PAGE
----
Thursday, June 16, 2005

Take two toddlers and call me...

It turns out that a great reversal of work-induced despair can sometimes be found in the prosaic, mini-bucolic landscape of your backyard. I came home last night like Willy Loman, stooped, freighted with ennui, futility--all the good things--and Ian came running toward me from the back door and said, with that excellent, toddler, matter-of-fact, newly learned conversational acumen, "Hi Mommy, you want to come outside with me?" And in a blur of a tie dyed shirt and madras shorts, he is out the door.

I go out back and Ian is behind the massive oak tree with his hands over his eyes. MZA and Daisy are hiding on the other side of the yard. Ian finishes counting and runs straight for where they are. MZA puts Daisy down and she does the back-forth clown toddler run, squealing with fear and excitement, in circles, as Ian holds back his pace so he can "chase" her without overtaking her. Daisy comes to me and I get the full knee hug treatment. I feel reluctant to let myself be sucker-punched by an Oprah moment of "what truly matters," then I succumb.

Daisy's in a lime green bloomer one piece. I ask them if they can go down the slide and they sturdily climb the faux rock wall of their playset and Ian bolts down the tall green slide. I put turtle wax on it to make it fast, and it is like lightening. Daisy sits at the top of the slide, smiling, expectant, a little nervous, but so game. I say, "You ready?" And she smiles and shakes her head, "yes." She holds on to the sides of the slide, not wanting to hesitate, wanting to match her brother, wanting the applause at the finish line. She releases her grip and watches carefully for my outstretched hands to catch her.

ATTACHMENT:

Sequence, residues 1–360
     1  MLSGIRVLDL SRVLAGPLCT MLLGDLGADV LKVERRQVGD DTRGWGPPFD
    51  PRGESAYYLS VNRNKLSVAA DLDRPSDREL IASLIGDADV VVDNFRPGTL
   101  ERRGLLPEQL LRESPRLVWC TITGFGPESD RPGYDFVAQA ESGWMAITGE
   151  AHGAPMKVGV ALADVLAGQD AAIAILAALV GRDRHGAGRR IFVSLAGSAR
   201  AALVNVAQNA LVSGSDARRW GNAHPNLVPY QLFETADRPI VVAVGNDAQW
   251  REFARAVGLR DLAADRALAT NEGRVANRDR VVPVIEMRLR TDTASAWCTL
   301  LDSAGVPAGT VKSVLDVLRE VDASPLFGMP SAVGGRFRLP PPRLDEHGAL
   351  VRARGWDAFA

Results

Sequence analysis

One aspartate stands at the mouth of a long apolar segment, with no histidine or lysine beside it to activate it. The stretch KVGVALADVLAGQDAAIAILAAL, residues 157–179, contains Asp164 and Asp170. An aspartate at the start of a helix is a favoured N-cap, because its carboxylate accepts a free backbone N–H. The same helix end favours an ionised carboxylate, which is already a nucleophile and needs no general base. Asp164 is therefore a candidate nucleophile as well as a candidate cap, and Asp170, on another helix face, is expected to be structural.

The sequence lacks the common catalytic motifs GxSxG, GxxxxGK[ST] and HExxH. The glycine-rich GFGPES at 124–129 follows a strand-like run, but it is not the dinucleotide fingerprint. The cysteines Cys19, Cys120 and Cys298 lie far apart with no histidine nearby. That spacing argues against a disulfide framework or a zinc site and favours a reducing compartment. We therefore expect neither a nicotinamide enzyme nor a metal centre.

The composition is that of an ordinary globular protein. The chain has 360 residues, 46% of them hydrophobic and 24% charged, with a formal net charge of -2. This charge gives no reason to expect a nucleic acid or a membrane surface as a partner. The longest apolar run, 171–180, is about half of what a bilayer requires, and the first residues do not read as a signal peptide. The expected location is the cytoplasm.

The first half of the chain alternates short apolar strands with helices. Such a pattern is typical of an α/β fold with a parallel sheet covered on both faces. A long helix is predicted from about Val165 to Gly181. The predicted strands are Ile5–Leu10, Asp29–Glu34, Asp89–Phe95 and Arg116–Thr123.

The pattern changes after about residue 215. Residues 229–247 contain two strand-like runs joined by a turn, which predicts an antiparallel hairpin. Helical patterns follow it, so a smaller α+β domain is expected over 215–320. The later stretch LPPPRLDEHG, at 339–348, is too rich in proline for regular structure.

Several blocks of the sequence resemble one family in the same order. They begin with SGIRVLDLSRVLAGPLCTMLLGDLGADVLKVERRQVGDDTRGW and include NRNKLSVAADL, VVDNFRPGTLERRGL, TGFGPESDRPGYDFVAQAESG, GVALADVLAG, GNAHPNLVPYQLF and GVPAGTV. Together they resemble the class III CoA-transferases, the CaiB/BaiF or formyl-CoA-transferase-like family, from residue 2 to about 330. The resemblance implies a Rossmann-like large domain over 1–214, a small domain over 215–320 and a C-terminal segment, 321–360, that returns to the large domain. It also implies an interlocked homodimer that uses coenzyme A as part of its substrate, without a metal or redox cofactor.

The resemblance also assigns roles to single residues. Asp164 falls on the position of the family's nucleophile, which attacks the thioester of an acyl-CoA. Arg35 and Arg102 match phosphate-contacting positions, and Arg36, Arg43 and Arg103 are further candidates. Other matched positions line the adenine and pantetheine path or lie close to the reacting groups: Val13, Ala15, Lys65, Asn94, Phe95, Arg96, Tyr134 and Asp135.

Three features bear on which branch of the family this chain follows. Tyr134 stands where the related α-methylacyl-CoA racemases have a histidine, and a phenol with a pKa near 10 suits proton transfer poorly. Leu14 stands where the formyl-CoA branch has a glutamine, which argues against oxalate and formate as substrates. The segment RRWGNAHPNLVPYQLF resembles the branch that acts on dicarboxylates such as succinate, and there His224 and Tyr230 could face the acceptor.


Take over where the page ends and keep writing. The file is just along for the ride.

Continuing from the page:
I wrote this a coupla years ago. Daisy reminded me of it, with her smile and her game face.

permanent address

gingko trees
one way street once was
two ways
shattered glass car windows around the corner
(unsolved young mystery) &
lots of
stinking moss we stick in our ears just to say
we hear voices
At dusk,
the cracks in the sidewalk rattle our child cages
past the fragrant park with eight thousand bushes
and the red slide
with a magic tunnel where,
if you hold onto the sides of the red Fiberglas long enough, you
might never
slip through


Cynicism is another word for reality

Email me, you derelict wastrel

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